Your checkout system is imperative to run smoothly and has a straightforward layout that reduces mistakes. Keep in mind that the design quality of your web page’s front end significantly affects your conversion.
Data is amazing. You can make wise choices that pay off in the long run by using them. Without it, you have to make assumptions, which may prove costly.
Therefore, it would be best to look at some essential eCommerce statistics that may prove helpful for your future business decisions.
You should pay careful attention to your shopping cart abandonment rate every month since it’s an essential metric for eCommerce. If your cart abandonment rate is higher than average, it may show a severe issue in your store.
There is an average cart abandonment rate of 69.89% across industries. The bottom line is that seven out of ten shoppers abandon their carts, buying nothing.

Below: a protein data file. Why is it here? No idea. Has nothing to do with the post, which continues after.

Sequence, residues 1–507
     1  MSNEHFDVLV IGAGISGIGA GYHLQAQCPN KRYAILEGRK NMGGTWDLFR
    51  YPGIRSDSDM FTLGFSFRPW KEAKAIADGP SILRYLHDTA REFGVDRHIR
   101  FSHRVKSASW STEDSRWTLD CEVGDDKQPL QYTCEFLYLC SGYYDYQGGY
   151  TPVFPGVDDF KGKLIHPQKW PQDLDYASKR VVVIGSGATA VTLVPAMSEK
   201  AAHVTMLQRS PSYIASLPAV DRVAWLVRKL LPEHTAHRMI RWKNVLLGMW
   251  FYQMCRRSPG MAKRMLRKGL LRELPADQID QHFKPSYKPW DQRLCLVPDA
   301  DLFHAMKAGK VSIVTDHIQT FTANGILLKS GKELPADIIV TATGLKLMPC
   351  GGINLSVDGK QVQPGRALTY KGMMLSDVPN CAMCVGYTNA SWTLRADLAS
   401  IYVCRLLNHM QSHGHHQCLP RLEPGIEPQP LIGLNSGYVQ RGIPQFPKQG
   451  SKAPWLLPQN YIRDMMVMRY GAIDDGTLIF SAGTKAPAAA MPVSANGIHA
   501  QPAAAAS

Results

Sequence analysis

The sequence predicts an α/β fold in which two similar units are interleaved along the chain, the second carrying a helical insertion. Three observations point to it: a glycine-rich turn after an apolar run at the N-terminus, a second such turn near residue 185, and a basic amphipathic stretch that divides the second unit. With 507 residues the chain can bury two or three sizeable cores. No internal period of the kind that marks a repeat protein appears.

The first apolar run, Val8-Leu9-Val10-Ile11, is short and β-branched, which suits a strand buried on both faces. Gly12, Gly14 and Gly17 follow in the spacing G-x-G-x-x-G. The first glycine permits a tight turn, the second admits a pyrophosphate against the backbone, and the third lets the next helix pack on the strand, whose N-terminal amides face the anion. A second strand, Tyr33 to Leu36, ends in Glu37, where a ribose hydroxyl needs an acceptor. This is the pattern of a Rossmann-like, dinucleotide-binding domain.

But with email marketing and website pop-ups, you can recover many of these lost revenues.
Understanding the buyer’s journey is essential before tailoring your website for the best shopping experience. Although no two visitors are precisely the same, these statistics show online shoppers share a similar pattern.
Google is the default search engine for 68% of consumers when searching for a specific product. You ought to be where your customers hang out.
Here, your products should be on Google Shopping, where your customers are looking for them. Your store’s capabilities allow you to reach prospects in the top-of-funnel and solve their problem earlier with Google Shopping.
Bricks-and-mortar stores are not going away with eCommerce’s rapid growth. Yet, competition is becoming more intense between the two. In 2020, eCommerce sales generated 18% of all retail sales worldwide. E-tailers appear to have an exceptionally bright future. In 2024, the eCommerce sales share will reach 21.8%.